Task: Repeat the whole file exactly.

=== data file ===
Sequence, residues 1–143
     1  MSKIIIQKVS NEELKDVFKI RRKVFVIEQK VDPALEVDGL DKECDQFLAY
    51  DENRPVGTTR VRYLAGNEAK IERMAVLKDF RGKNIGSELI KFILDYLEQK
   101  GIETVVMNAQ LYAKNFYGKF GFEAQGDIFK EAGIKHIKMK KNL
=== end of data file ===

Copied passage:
Sequence, residues 1–143
     1  MSKIIIQKVS NEELKDVFKI RRKVFVIEQK VDPALEVDGL DKECDQFLAY
    51  DENRPVGTTR VRYLAGNEAK IERMAVLKDF RGKNIGSELI KFILDYLEQK
   101  GIETVVMNAQ LYAKNFYGKF GFEAQGDIFK EAGIKHIKMK KNL